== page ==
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Video transcript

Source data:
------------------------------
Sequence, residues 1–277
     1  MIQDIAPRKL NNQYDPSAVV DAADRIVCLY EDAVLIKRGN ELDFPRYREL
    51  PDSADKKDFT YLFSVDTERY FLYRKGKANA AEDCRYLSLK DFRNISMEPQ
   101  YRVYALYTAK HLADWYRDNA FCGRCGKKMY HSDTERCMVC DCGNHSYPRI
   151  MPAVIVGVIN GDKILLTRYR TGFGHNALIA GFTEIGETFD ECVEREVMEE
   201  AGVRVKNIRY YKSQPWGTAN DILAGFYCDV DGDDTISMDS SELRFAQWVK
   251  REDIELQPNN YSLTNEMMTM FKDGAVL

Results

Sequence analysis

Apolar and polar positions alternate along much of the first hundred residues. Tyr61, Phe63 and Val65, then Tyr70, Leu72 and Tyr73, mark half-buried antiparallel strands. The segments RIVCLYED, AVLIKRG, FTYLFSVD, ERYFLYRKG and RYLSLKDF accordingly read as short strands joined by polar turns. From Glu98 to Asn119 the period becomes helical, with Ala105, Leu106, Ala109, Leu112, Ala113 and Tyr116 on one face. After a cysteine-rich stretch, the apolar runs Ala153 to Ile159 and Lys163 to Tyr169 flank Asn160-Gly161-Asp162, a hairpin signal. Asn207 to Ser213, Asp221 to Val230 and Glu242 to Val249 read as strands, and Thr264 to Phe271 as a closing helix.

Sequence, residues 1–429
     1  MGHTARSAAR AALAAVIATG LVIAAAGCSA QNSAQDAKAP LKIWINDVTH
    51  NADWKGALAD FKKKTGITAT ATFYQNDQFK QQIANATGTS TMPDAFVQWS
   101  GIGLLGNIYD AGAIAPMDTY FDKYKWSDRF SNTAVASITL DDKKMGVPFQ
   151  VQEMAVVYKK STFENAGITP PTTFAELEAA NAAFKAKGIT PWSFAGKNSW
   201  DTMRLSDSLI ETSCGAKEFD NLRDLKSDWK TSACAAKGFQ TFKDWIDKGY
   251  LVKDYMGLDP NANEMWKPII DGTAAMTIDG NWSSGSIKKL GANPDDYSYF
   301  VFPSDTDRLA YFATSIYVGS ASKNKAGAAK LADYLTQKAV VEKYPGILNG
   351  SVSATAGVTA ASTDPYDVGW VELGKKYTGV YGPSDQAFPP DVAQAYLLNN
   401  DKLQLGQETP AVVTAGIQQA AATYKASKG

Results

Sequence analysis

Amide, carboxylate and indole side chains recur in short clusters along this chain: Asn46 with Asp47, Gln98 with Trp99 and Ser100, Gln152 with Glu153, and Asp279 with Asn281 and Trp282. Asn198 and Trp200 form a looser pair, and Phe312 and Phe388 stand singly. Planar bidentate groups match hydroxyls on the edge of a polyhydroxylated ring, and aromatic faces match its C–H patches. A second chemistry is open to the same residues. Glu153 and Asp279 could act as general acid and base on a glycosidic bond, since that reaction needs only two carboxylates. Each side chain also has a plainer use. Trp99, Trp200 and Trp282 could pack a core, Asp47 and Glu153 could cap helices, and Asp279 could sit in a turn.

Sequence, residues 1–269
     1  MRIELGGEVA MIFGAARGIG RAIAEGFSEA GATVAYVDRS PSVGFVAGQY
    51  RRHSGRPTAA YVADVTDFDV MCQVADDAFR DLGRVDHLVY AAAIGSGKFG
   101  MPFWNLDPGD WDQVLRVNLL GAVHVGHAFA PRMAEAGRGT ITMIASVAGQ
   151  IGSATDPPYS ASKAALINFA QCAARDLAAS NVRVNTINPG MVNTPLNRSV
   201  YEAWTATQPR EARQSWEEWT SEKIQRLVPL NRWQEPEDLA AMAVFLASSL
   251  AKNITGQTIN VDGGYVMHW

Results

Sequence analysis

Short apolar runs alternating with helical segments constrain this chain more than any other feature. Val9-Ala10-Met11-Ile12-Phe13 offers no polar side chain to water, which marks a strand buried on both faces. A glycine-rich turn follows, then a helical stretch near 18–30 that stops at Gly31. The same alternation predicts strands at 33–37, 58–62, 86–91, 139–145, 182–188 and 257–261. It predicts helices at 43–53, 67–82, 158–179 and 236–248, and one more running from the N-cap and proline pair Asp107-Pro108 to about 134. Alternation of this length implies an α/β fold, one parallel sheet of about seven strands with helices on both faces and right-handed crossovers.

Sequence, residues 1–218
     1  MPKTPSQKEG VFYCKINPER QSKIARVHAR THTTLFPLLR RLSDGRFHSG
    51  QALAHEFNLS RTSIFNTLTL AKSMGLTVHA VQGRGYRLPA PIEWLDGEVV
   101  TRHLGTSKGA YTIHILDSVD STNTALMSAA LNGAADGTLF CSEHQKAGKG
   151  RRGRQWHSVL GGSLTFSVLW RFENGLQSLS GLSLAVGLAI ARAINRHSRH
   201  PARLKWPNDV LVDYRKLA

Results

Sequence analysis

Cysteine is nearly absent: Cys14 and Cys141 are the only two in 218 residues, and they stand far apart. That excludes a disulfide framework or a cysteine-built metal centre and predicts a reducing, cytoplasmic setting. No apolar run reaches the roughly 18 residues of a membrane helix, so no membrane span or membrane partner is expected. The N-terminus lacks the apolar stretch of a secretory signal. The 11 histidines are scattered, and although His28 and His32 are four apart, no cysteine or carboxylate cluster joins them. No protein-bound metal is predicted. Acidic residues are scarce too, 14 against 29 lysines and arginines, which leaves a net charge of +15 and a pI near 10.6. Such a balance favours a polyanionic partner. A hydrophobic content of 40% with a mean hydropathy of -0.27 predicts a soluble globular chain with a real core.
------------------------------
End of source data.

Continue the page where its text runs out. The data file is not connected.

on the back of a u.s. dollar bill there's an emblem of an eagle in its talons you have arrows of course a symbol of war but on the other side you have an olive branch a symbol of peace that's not so different than this object that we're looking at that's nearly 4,500 years old an object known as the standard of or which comes from the city-state of war which is now in present-day Iraq in Mesopotamia really the birthplace of civilization and or is one of the great early cities the word standard is a little misleading and because the standard is really a flag that's often brought into battle and the original excavator of this hypothesized that perhaps this was on a pole originally and was brought into battle but in truth we have no idea so often when we're in the museum and we're talking about ancient objects we're talking about objects that had been buried but buried just because of the passage of time and here we're looking at objects that were intentionally buried they were part of what seems to have been my laboratory I'll reach all these were excavated in the 20s in the early 30s by a man named Leonard Woolley who discovered about 16 tombs that he called royal tombs again we really don't know but what we do know is we see fabulously expensive objects and one of those valuable objects was the object recall today the standard of war which is small but quite beautiful and elaborately decorated historians have thought that perhaps this is a sound box for a musical instrument others have thought it might have contained something important perhaps even the currency that was used to pay for warfare we simply don't know so that's one of the wonderful things about this object is that it tells us so much and at the same time it tells us so little so let's start off with just a simple description so we have this object that is small enough so that it could easily be carried one long side seems to represent the scene of peace and prosperity it's divided into three registers and it's framed with beautiful pieces of shell now this is important because it really does show us the long distance trade that this culture was involved with you've got blue lapis lazuli that came from mines in Afghanistan you have a red stone that would have come from India and you've got the shells which would have come from the Gulf just to the south of what is now Iraq and it reminds us that these first great cities were possible because agriculture had been successful in the river valley between the Tigris and the Euphrates it was possible to grow a surplus of food that allowed for an organization of society where not everybody had to be in the fields all the time once there was enough food some people could devote their lives to being rulers and some to becoming artists or artisans and some two priests right you had a whole organization of society with different people performing different roles that was suddenly possible and you can see that organization represented in the three registers here the most important wealthiest most powerful figures or towards the top and then we have the common laborers down at the bottom and it's really typical in ancient Near Eastern Arctic for us to see scenes divided into registers so let's start down at the bottom and move up I see a human figure bearing a heavy bag and that's really what we have along the entire bottom register figures who seem to be bringing things to a destination we see animals figures carrying things across their shoulders or on their backs just above a you can see a number of people leading more clearly identifiable animals you can see somebody hurting along what looks like a sheep or a ram you see a bull in front of that being led by two people and then perhaps goats perhaps sheep ahead of that and another bull these are people that might be bringing these animals to sacrifice they might be bringing them as a kind of Taxation we really don't know but people have hypothesized that this is showing a kind of collection perhaps for the King for the city the register at the top clearly shows one figure that's more important than the rest the king is larger in fact so large that his head breaks into the pictorial frame and he also wears different clothing that helps to identify him he's seated on a chair that is interesting because it's got three straight legs and one leg it seems to be the leg of an animal some of the objects that we see here are objects that were also found in the burials but I don't think they found the chair that resembles that that would be fun to see one of the objects that has been found however are the cups that so many of the figures here are holding and so clearly these figures are joining the king in some libation they're drinking perhaps beer perhaps wine we're not sure there's some kind of celebration going on some festivity or perhaps a religious ceremony it's worth noting that even the secondary figures here that is the figures who are seated but are not the king are larger than the servants that surround them that are standing and so even within the register you have a hierarchy that shows the relative importance of three levels of society and then we have two figures at the far end who seem to be entertaining the seated figures who are drinking one is playing a harp and another figure on the far right perhaps singing let's go to the other side it's a very different story so again we have a scene divided into three registers but here we see terrible scenes of violence we see a rendering of what is pretty clearly warfare there are four chariots that are pulled by what seems to be four male donkeys on the back of each chariot seem to be a driver as well as a warrior the figure towards the rear you'll notice is holding either a spear or an axe and then being trampled by the horses perhaps felled by those weapons are the enemy if you look closely you can see some extraordinary detail look at one of the men that has been felled under the horse you can see his wounds you can see blood flowing and if you look closely you can notice the mechanism of the actual wheels of the chariot there's a kind of specific engineering that's being rendered here one of the most interesting things about the bottom panel is a kind of naturalism in the battle that seems to be taking place you seem to move from a walk to a kind of canter to a full gallop on the other hand some elements are really symbolic like the felled enemies that you were talking about before I don't think we're meant to assume that they were actually just four people who died in this battle that's the number we see but clearly that's symbolic of many more the middle register shows a line of soldiers readied for battle they are in full garb they're wearing helmets and these helmets have again been found in the so called royal tombs what's wonderful about these soldiers is their regular placement that gives you a real sense of an army that's sort of marching along well you get a sense of order you get a sense of structure you get a sense of real discipline but towards the middle of that register you see the actual battle taking place and you see these soldiers victorious slaying their enemies on the right side of that medal register you see soldiers that are perhaps being captured and are I in the top register goes immediately to the large figure at the center which is obviously once again the king his head again breaks the decorative border along the top on the left a chariot and soldiers and on the right other soldiers are attendants bringing to the king prisoners of war and we can tell that these are prisoners of war because they're naked they've been stripped and they're wounded and bleeding so there's the sense of their humiliation their enslavement and the great victory of the King it's interesting to look closely at the stylistic conventions of the rendering of the figures just about everybody is seen in perfect profile we see one eye and that one eye is not so much looking forward as looking out great it's sort of frontal on the side of the face that's right in a way that is familiar from Egyptian art we see the shoulder squared with the picture plane and we see feet pushing in one direction rather than being seen in perspective so we can use our visual detective work but there's still so much it's a mystery of what it does we'll tell us though is that the way that we tell a story the way that we tell one over time the way that we organize our society even now in the 21st century has a lot in common with the 3rd millennium BCE